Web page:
Re: Milwaukee, segregation, and income disparity

Milwaukee

A couple of weeks ago a website called 24/7 Wall St. did a special report on the best and worst run cities in America. Milwaukee ranked 10th in the worst category. The site offers this blurb:

10. Milwaukee, Wisconsin
> Population: 599,000 (28th largest)
> Credit rating: Aa2, stable
> Violent crime per 100,000: 1,294 (10th highest)
> 2012 Unemployment rate: 10.1% (27th highest)

Milwaukee struggles with poverty and high crime rates. Last year, a typical household made just over $34,000, and nearly 30% of people lived beneath the poverty line, considerably worse than the country’s figures. There were nearly 1,300 violent crimes per 100,000 residents in 2012, more than three times the national rate of 387 violent crimes per 100,000 people. The city’s socioeconomic problems were among the reasons Moody’s assigned Milwaukee a Aa2 rating. The agency also expressed management-related concerns, specifically highlighting the city’s debt burden and the complexity of its debt financing.

No, this isn’t compelling press for Milwaukee. The Milwaukee Journal Sentinel managed to cover the ranking a few days later. Mayor Barrett put forward a series of rather weak responses. It felt as though he didn’t take the ranking seriously.

He shouldn’t have. 24/7 Wall St. plops together a few stories from other sources and calls it news. An internet search of the two writers attributed to the story gives you nothing. No resumes, no personal bios. Do these folks even exist? If I were Barrett, I’d be incredibly frustrated that Don Walker felt the ranking newsworthy. It would be the equivalent to my offering a ranking of Milwaukee area bars based on the number of beer taps.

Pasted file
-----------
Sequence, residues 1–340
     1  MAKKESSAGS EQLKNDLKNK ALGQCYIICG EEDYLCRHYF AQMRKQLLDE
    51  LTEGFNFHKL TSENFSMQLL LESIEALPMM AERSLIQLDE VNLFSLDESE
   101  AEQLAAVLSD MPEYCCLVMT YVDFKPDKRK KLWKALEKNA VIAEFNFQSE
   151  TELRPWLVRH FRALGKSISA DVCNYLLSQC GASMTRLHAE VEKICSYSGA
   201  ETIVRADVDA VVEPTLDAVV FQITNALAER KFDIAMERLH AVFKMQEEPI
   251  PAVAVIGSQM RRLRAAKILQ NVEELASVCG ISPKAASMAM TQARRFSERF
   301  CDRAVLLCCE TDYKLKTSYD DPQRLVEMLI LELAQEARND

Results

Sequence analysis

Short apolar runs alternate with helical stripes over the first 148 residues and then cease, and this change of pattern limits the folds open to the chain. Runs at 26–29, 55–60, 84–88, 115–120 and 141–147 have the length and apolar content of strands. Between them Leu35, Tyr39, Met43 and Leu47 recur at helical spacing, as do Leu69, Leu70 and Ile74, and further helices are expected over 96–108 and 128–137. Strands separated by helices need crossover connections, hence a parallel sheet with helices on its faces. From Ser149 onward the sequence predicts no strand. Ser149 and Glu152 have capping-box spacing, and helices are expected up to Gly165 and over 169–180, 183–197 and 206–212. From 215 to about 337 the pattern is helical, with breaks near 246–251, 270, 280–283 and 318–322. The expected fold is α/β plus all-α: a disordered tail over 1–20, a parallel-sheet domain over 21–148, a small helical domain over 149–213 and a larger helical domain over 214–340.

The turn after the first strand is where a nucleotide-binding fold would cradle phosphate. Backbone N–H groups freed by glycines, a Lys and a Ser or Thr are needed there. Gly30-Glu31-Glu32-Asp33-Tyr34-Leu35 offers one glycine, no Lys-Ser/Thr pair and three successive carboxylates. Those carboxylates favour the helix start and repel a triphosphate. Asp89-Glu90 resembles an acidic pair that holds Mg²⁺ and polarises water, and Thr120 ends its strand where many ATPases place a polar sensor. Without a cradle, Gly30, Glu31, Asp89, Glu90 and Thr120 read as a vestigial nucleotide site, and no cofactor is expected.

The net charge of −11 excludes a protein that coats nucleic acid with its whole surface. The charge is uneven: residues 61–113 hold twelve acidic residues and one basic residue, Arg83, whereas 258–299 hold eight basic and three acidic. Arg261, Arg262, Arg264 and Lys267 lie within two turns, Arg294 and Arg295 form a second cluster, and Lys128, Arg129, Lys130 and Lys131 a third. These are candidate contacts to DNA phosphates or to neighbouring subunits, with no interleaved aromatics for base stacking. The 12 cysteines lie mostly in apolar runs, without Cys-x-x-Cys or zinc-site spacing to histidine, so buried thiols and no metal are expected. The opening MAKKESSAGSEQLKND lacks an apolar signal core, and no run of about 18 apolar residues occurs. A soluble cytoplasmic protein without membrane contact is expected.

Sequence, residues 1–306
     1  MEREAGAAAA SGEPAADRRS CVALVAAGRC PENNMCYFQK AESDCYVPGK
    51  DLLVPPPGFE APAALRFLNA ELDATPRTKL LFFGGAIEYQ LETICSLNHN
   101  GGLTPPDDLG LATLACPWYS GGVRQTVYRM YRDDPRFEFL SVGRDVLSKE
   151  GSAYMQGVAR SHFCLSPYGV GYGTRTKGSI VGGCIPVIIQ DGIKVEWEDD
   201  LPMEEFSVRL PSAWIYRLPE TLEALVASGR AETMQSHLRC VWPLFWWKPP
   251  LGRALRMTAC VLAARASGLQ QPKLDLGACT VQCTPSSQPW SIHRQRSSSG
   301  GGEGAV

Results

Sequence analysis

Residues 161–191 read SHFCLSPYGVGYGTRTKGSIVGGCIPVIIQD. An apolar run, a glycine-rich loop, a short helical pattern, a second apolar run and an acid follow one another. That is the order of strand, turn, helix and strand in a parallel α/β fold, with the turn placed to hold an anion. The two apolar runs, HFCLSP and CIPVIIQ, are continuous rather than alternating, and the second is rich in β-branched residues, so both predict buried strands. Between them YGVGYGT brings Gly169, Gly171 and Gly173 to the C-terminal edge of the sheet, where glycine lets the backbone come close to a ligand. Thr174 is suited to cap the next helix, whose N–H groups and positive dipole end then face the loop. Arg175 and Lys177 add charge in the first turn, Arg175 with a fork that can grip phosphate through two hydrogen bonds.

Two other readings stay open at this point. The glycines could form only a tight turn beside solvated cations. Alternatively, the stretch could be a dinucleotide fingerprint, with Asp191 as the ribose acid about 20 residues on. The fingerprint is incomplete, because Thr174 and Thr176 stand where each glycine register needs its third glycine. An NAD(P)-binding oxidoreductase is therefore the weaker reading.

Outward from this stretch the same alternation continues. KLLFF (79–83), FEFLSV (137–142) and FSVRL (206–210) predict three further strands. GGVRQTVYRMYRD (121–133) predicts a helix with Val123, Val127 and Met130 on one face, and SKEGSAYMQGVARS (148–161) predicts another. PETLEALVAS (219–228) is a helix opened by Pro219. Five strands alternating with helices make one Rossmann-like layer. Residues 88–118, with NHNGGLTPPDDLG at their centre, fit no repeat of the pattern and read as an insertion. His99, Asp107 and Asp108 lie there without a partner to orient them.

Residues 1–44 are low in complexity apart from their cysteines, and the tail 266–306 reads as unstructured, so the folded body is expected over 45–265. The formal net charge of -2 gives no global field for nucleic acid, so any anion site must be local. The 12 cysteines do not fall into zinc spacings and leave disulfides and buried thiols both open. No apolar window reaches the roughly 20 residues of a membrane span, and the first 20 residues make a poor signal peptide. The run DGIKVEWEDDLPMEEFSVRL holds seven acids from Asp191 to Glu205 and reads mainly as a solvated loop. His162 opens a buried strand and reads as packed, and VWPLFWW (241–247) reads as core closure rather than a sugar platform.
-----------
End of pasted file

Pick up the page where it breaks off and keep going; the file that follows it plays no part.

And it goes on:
And it looks like that’s what trumped in this ranking list: violent crimes per population. So let’s have that discussion. It’s bad. And on this issue, Barrett’s mealy we’re-trying-to-do-something response doesn’t give one much encouragement.

(BTW, Dan O’Donnell from WISN jumped on the Milwaukee sucks bandwagon, too, offering the ranking has to do with Democrats. The Marquette Tribune offered that Milwaukee sucks except for the area around Marquette.)

Milwaukee has a violent crime rate of 1,294 incidents per 100,000 of population. That’s news. City Rating gives you a better look at Milwaukee crime rates, both violent and property.

I have not done loads of research, but synthesizing the bits I remember from classes at UWM, I’d have to think the causation is something like: Segregation –> income disparity –> crime.

Segregation

Milwaukee is very black and white. And this time we get real analysis from a couple of professors using data from the 2010 census. (Oooooh. Real data!) This WUWM article led to the story above:

New Ranking: Milwaukee Still Country’s Most Segregated Metro Area

Except that headline isn’t true. There’s real data, remember? And the chart they supply starts like this:

segregation

Milwaukee is the Milwaukee, Waukesha, and West Allis areas. The Milwaukee metro area ties the Detroit metro area for first. That’s a different headline, don’t you think?

Mentally grab some of those recent Detroit images and see how they compare with Milwaukee. Given Milwaukee’s segregation, our city doesn’t seem so poorly managed after all. And for comparison, here are Detroit’s crime numbers from the same source. If I’m seeing that correctly, Detroit is close to double that of Milwaukee. Detroit was second on that 24/7 Wall St. list of poorly managed cities.

Here’s where I adjust my soap box and remind readers that segregation runs both ways. Have you tried living in a black neighborhood lately? Granted I’m working only from anecdotal evidence, but the acquaintances of my children report it isn’t so easy. And my daughter’s year on the East Side taught her that there were, indeed, lines one did not cross. One corner might be safe, but waiting for the bus across the street would find you the white girl in the center of eight black teen boys demanding the contents of your backpack. Riding the bus from the East Side to work in Wauwatosa was a tough job, too, as you were usually the only white on the bus. That’s where your phone becomes their phone simply because they want it, and the black bus driver couldn’t be bothered to stop and call the police.